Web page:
Get Full SolutionsSince 40 problems in chapter 5.3: Mathematical Induction II have been answered, more than 23979 students have viewed full stepbystep solutions from this chapter. This textbook survival guide was created for the textbook: Discrete Mathematics with Applications , edition: 4th. Chapter 5.3: Mathematical Induction II includes 40 full stepbystep solutions. This expansive textbook survival guide covers the following chapters and their solutions. Discrete Mathematics with Applications was written by Sieva Kozinsky and is associated to the ISBN: 9780495391326.

Characteristic equation det(A  AI) = O.
The n roots are the eigenvalues of A.

Cofactor Cij.
Remove row i and column j; multiply the determinant by (I)i + j •

Complete solution x = x p + Xn to Ax = b.
(Particular x p) + (x n in nullspace).

Condition number
cond(A) = c(A) = IIAIlIIAIII = amaxlamin. In Ax = b, the relative change Ilox III Ilx II is less than cond(A) times the relative change Ilob III lib II· Condition numbers measure the sensitivity of the output to change in the input.

Diagonal matrix D.
dij = 0 if i # j. Blockdiagonal: zero outside square blocks Du.

Elimination matrix = Elementary matrix Eij.
The identity matrix with an extra eij in the i, j entry (i # j). Then Eij A subtracts eij times row j of A from row i.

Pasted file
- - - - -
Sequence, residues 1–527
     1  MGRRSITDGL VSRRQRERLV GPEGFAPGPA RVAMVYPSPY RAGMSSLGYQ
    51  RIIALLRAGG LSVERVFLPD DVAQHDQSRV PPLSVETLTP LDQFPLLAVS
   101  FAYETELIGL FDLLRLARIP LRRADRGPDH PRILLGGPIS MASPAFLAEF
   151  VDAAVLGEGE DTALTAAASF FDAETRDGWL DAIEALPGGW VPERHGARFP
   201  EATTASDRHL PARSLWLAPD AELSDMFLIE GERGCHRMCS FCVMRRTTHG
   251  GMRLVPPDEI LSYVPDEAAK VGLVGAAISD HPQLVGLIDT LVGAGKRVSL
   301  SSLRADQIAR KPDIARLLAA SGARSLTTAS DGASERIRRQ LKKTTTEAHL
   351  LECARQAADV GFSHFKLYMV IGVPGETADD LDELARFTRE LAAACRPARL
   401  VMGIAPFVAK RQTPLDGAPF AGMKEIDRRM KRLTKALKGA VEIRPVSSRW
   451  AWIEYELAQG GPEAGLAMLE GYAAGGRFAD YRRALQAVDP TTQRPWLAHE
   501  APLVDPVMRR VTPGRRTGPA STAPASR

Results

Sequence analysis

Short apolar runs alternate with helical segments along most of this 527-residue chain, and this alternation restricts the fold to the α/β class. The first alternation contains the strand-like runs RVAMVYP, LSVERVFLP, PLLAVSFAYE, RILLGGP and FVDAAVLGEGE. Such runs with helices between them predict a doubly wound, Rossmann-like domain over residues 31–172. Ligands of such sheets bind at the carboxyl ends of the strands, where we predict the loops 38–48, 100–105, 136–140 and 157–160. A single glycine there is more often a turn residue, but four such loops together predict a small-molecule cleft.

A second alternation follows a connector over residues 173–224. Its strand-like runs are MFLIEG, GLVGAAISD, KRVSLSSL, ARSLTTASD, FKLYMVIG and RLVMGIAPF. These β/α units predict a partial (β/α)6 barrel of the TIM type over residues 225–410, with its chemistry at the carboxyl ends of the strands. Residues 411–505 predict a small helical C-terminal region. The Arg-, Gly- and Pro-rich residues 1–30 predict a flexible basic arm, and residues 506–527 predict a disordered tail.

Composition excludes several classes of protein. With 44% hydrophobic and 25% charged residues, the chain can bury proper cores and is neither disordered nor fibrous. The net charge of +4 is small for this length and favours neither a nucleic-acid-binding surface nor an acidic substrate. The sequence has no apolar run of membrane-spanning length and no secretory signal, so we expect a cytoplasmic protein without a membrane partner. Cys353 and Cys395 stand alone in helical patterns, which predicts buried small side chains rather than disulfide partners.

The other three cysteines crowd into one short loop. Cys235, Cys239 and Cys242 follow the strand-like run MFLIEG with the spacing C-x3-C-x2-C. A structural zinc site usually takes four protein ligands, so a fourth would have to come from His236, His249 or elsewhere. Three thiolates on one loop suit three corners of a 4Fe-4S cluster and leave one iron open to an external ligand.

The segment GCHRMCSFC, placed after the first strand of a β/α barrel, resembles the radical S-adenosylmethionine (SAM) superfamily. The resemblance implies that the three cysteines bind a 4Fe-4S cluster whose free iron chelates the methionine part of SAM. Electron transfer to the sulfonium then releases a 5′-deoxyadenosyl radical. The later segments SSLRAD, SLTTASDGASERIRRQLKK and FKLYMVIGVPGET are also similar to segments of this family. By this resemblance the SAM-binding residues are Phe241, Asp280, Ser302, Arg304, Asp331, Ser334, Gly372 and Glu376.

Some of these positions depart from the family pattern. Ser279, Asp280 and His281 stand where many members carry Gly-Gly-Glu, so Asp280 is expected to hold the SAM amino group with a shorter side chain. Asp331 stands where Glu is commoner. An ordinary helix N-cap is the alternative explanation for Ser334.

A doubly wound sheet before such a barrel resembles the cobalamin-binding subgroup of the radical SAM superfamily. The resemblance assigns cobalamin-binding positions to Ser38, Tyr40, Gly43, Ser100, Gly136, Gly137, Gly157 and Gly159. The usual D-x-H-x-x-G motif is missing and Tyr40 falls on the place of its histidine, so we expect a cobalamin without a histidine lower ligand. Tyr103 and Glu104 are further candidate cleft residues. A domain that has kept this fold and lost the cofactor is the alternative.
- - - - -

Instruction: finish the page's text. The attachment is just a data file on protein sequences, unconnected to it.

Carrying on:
Full column rank r = n.
Independent columns, N(A) = {O}, no free variables.

GramSchmidt orthogonalization A = QR.
Independent columns in A, orthonormal columns in Q. Each column q j of Q is a combination of the first j columns of A (and conversely, so R is upper triangular). Convention: diag(R) > o.

Hilbert matrix hilb(n).
Entries HU = 1/(i + j 1) = Jd X i 1 xj1dx. Positive definite but extremely small Amin and large condition number: H is illconditioned.

Left nullspace N (AT).
Nullspace of AT = "left nullspace" of A because y T A = OT.

Lucas numbers
Ln = 2,J, 3, 4, ... satisfy Ln = L n l +Ln 2 = A1 +A~, with AI, A2 = (1 ± /5)/2 from the Fibonacci matrix U~]' Compare Lo = 2 with Fo = O.

Multiplication Ax
= Xl (column 1) + ... + xn(column n) = combination of columns.

Orthonormal vectors q 1 , ... , q n·
Dot products are q T q j = 0 if i =1= j and q T q i = 1. The matrix Q with these orthonormal columns has Q T Q = I. If m = n then Q T = Q 1 and q 1 ' ... , q n is an orthonormal basis for Rn : every v = L (v T q j )q j •

Pivot.
The diagonal entry (first nonzero) at the time when a row is used in elimination.

Plane (or hyperplane) in Rn.
Vectors x with aT x = O. Plane is perpendicular to a =1= O.

Right inverse A+.
If A has full row rank m, then A+ = AT(AAT)l has AA+ = 1m.

Semidefinite matrix A.
(Positive) semidefinite: all x T Ax > 0, all A > 0; A = any RT R.

Simplex method for linear programming.
The minimum cost vector x * is found by moving from comer to lower cost comer along the edges of the feasible set (where the constraints Ax = b and x > 0 are satisfied). Minimum cost at a comer!

Spanning set.
Combinations of VI, ... ,Vm fill the space. The columns of A span C (A)!

Sum V + W of subs paces.
Space of all (v in V) + (w in W). Direct sum: V n W = to}.